Daniel Goleman, author of the bestseller “Emotional Intelligence,” is a regular contributor to Korn Ferry. His latest book, "Altered Traits: Science Reveals How Meditation Changes Your Mind, Brain, and Body," is available now.
Back in the 1980s I gave a series of talks to corporate groups about young people, then entry level in their companies. I recall telling one such group in Manhattan that while they had heard much about the radicals and progressives of the 1960s and 1970s, the new crop of entry level employees embraced a differing set of values: “They want to get rich and live in Connecticut.”
That was then. The generation which grew up in the 1980s and 1990s seem to embrace values that could better the world and hold the resulting sense of purpose more strongly than any generation in memory. At least that’s the word on the street. In the past five years many sources have touted these millennials (born between 1981 and 1996) as beacons of purpose and social responsibility.
At the same time, some analyses have found no strong differences between generations – at least so far.
A recent study from MIT’s Sloan School of Management found that, when it comes to purpose, there are few differences between age groups. The young were no more purpose-focused than were older people. The MIT survey of more than 10,000 managers ages 21 to 70 (and across all industries) concluded: “While younger managers prefer narrower, more technical approaches, older ones tend to work through others.” The study found that older managers put a higher value on empathy and collaboration – competencies associated with working together toward common goals. Maybe those baby boomers aren’t so self-focused after all.
Either way, companies who want to recruit top talent are continually tasked with keeping their eye on the horizon – the managers of the future, who were not yet well-established in the workforce when that MIT study was done. Behind Millennials comes Gen Z. Born between 1995 and 2012, these young people might share certain values and traits with their Millennial predecessors, but still differ in their mindset.
These early twenty-somethings (and those even younger) are the first generation to have never known a time without modern technology. Gen Zs have grown up "in a world dominated by technological connectivity and access to information," Connie White, head of university talent acquisition at Genentech, recently told Newsweek. "They are thus acutely aware of socioeconomic and environmental challenges. And they are eager to make a positive impact on the world."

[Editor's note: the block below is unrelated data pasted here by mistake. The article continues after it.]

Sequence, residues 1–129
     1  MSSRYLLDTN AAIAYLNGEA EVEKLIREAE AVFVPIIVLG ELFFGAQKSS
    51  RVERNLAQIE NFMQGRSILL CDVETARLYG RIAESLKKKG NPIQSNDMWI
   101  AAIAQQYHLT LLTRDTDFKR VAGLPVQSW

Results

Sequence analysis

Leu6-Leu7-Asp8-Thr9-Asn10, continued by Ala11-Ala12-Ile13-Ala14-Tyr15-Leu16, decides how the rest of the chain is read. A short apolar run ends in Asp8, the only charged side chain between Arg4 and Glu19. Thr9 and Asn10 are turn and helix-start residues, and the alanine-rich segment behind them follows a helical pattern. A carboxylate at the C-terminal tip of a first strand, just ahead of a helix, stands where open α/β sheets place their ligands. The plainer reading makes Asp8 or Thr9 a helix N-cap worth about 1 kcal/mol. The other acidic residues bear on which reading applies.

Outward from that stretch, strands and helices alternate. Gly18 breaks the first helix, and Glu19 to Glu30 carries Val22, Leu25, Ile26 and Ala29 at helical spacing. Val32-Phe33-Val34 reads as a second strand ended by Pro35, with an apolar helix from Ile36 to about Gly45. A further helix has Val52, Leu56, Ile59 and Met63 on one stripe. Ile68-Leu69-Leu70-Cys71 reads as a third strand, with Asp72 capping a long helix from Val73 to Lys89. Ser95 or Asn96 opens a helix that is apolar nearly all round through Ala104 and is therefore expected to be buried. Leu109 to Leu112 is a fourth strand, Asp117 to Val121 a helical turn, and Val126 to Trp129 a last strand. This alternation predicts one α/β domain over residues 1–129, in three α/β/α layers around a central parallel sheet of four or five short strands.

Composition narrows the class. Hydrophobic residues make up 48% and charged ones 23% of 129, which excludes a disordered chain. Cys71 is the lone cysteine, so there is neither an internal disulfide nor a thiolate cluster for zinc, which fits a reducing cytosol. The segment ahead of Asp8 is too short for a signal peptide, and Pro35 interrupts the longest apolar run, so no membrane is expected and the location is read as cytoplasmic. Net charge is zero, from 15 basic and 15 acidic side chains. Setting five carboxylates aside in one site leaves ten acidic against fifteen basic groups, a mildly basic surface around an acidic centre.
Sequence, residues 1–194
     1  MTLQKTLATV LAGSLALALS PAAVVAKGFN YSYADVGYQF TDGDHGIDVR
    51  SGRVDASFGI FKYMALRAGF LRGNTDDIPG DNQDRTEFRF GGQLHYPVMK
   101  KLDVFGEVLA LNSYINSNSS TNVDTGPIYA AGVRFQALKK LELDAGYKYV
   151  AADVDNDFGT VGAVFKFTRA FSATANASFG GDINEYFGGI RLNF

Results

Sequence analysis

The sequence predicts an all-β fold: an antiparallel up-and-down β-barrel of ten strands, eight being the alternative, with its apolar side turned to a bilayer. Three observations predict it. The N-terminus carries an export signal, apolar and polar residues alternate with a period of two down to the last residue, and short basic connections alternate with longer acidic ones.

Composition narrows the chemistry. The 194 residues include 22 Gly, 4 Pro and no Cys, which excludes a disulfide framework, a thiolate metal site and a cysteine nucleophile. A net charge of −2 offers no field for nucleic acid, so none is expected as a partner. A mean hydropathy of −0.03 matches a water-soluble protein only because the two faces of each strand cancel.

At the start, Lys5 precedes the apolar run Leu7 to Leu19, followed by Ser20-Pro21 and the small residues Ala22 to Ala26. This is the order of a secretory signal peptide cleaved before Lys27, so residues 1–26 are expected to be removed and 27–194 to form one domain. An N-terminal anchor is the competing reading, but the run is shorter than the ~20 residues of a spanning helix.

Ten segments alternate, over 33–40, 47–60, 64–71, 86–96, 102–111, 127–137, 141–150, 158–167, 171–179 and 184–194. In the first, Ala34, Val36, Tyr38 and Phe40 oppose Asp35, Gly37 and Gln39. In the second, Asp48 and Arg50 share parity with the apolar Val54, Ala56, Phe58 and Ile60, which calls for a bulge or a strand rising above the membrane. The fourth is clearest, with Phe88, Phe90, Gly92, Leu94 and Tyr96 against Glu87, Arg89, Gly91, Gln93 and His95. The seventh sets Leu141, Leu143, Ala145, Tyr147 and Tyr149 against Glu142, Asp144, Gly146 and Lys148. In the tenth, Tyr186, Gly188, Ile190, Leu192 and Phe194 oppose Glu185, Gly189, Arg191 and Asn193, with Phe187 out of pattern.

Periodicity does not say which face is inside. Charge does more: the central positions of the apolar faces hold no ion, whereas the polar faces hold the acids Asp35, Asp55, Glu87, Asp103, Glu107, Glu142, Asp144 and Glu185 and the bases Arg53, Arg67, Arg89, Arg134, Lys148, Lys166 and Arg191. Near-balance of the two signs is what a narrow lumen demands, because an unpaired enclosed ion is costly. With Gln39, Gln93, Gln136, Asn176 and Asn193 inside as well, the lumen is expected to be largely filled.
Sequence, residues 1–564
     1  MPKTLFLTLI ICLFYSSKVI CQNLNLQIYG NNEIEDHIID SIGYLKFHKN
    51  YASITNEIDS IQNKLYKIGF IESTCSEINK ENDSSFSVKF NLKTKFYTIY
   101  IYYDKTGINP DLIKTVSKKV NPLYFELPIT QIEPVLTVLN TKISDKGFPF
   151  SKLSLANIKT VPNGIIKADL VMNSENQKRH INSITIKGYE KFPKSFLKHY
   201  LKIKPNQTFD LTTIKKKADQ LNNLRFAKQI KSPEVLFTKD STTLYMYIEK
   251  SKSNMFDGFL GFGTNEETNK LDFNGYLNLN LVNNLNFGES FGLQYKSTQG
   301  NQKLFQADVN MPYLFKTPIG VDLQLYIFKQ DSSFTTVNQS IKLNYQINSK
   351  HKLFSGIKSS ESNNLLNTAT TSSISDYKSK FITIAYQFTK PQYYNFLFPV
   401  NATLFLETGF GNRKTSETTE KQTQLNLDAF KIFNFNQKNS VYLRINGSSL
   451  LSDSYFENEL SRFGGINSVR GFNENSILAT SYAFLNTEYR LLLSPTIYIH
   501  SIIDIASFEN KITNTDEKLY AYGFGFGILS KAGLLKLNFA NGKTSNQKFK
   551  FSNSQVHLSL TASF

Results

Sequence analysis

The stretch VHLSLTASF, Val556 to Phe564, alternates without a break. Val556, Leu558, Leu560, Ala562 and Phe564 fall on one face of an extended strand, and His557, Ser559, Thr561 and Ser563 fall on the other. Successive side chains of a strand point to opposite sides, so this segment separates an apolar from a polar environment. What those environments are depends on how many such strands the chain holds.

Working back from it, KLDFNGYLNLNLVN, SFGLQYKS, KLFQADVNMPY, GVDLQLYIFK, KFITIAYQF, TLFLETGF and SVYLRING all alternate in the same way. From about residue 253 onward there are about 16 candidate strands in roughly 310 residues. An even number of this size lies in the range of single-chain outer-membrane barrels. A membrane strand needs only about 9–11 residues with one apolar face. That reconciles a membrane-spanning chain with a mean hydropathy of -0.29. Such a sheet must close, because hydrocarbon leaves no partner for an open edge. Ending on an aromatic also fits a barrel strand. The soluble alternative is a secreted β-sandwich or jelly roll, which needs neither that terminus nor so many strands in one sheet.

Genentech is one of many well-known companies putting their mission face forward in recruiting entry level employees. “Gen Zs are very mission driven” agrees Patricia Lewis, senior VP of HR at Lockheed Martin. The want to work for a company, she said, “that is working on the betterment of society.” When meeting with potential recruits this defense contractor emphasizes the ways their spacecraft division strengthens the nation by helping to send astronauts to the moon.
With their acute awareness of societal and environmental challenges, Gen Z is hyper-aware of diversity. When it comes to race, gender, and sexuality, 91% of Gen Zers believe everyone is equal and deserves to be treated so. This understanding will continue to push companies to move beyond traditional anti-bias training and to start considering how inclusion and equality are embedded into the fabric of their culture and mission.
Take Hyatt as an example. This hospitality giant’s purpose is “to care for people so they can be their best.” Their CEO, Mark Hoplamazian, coined the equation “empathy plus action equals care.” This is more than a guiding principle for just how the organization treats their guests and employees; it drives the organization to comment on issues in broader society.
“There have been many instances, such as gay marriage in Illinois—where Hyatt is headquartered, with a lot of hotel operations—or the DACA issue, which reflected our values,” Hoplamazian told Fortune. He added that speaking up on such issues helps the company define what it stands for. Gen Zers will also appreciate Hyatt RiseHY, a global program committed to hiring 10,000 Opportunity Youth – people ages 16 to 24 who are neither in school nor working – by 2025.
Tracey Franklin, VP of talent recruitment at Merck, confirms the need for organizations to appeal to what could be the most purpose-driven generation of all time. “What they want to hear about is how we’re solving cancer or what we are doing for river blindness,” she reports, “They believe they can actually change the world, and want to work for a company who does change the world.”
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